Stephen Morland after 42 years on the County Council was deprived of his County Alderman’s seat by local-government reorganisation in 1973 and the abolition of Aldermen. He failed to win a seat on the town council, where his immense knowledge and experience would have been invaluable. A fire broke out on the derelict Morlands site. I asked Stephen Morland which part had been damaged. He told me it was part of the administrative area and included the boardroom, and added that he always believed the best thing that could happen to that building was to set fire to it! Stephen Morland lived a long and useful life. In retirement he helped with meals on wheels, administering to many former employees younger than himself, who were delighted to chat to him.
I had the privilege of being deputy mayor twice for John Bromfield during his terms of office. He was so conscientious as mayor that I seldom had to deputise for him. His second mayoral reception was quite remarkable for the colourful range of guests invited. One Nigerian Millfield parent asked Brom if he was paid for his work as mayor. Brom replied, “No”. Then his questioner asked if he received “considerations”. Again the answer was no. His Nigerian guest looked puzzled and remarked, “In my country we get paid, and we receive considerations!” Brom’s tragic ill health restricted a distinguished career of public service. The closure of the British Legion Club must have saddened as well.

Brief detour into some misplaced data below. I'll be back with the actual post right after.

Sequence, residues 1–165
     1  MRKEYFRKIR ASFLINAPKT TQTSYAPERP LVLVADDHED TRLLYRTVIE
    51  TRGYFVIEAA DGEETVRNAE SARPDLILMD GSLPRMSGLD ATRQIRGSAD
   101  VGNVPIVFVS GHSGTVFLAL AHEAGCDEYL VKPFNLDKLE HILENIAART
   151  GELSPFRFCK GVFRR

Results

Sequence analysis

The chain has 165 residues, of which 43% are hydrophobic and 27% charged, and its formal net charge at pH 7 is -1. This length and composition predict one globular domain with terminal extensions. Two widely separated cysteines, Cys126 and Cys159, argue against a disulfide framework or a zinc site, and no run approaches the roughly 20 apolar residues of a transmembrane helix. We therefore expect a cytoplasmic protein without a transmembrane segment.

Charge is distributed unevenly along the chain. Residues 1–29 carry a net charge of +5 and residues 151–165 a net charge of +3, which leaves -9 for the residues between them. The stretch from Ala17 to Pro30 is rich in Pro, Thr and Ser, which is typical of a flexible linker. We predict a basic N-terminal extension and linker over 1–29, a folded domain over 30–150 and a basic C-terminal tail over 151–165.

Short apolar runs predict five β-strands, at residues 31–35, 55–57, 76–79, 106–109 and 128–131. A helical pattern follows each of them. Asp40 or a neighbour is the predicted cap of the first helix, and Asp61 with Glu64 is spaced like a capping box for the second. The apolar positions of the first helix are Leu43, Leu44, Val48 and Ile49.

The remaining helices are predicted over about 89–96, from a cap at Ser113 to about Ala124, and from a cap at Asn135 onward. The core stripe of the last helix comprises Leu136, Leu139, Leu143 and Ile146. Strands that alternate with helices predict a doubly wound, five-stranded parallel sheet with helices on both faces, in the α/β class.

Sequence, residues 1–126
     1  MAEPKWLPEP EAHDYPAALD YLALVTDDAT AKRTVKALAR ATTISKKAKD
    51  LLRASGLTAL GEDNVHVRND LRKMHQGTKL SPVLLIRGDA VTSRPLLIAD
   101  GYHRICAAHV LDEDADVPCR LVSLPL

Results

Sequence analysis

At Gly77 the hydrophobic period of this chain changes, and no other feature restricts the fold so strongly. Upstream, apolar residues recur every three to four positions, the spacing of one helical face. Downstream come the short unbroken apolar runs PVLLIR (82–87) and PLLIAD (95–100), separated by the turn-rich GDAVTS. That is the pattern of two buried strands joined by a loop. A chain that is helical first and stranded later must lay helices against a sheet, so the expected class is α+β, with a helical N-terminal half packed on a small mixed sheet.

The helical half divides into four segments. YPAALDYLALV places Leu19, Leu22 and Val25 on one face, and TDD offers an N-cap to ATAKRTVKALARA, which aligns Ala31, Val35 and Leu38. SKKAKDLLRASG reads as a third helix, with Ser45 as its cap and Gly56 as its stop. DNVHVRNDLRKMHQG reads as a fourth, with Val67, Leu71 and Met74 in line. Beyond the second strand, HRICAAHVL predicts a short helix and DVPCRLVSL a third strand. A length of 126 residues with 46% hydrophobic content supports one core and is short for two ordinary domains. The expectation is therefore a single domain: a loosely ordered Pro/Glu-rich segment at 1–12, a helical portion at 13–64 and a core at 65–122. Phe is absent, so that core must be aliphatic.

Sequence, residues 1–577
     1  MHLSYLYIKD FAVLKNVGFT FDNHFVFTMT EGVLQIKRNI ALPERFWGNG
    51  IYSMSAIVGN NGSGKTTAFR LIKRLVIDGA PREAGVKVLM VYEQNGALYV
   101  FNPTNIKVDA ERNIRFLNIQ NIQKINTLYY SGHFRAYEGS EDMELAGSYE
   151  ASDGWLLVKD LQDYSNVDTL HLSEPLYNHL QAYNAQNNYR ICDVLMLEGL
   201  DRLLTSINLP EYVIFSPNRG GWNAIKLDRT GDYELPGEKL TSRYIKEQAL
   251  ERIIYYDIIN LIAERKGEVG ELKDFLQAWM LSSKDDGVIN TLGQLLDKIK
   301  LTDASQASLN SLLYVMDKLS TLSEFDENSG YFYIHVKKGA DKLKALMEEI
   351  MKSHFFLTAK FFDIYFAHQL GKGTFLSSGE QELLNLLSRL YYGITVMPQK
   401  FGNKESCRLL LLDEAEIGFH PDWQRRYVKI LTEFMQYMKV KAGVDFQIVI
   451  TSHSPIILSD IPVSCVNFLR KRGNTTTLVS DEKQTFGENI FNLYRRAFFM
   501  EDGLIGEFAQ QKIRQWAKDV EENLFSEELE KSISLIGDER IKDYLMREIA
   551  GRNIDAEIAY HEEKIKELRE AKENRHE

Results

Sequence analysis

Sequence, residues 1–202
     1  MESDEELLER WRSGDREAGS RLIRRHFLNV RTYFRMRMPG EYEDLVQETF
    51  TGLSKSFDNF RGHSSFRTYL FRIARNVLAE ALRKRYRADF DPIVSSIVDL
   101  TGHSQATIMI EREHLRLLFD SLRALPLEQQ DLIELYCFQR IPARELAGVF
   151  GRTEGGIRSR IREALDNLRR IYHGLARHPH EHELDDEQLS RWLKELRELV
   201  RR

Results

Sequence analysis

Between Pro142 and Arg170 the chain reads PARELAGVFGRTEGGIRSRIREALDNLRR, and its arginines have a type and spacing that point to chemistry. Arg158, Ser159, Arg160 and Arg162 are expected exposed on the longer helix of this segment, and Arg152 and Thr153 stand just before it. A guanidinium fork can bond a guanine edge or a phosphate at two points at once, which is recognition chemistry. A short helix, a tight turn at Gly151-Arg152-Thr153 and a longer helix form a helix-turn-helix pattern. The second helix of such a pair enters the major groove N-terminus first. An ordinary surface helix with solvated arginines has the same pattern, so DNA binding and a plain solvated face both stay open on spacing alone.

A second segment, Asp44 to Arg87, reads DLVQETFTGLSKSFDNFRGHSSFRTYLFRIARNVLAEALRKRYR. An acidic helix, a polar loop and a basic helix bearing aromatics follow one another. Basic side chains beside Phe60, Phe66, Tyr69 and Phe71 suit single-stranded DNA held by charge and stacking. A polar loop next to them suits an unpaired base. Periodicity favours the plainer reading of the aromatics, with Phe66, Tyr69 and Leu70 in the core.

I was elected to Somerset County Council in 1989. The Glastonbury western relief road was to be constructed at the same time as the Wells relief road. Preliminary weighing-down of the peaty land with stone soon commenced. The MP, David Heathcoat-Amory, told me that the Department of Transport could not fund both schemes simultaneously. One road should wait, and they considered Wells more urgent. I argued in favour of Glastonbury since I could now vouch for agreement on the route, whereas the Wells route was still controversial. Both schemes had priority funding, as they were seen to be protecting historic towns. To this end additional funding was to be used to make the town centres more attractive and pedestrian-friendly. It was all part of the deal. We could not have the new road and fail to alter the traffic-dominated town centre. The landscaped relief road was well received, but opposition rose against altering the town centre. The Glastonbury Residents Association put up election candidates dedicated to “wait and see”, with preferably no change. For a while it looked like a rerun of the road-protest movement, but while the GRA gained two Mendip seats and took control of the town council, works on the town centre continued with some modification due to funding difficulties. The entrance to Northload Street became pedestrianized and the High Street was traffic-calmed. There may yet be trials of pedestrian priority. Anything innovative in Glastonbury tends to be controversial and county councillors tend not to be elected for a second term in office.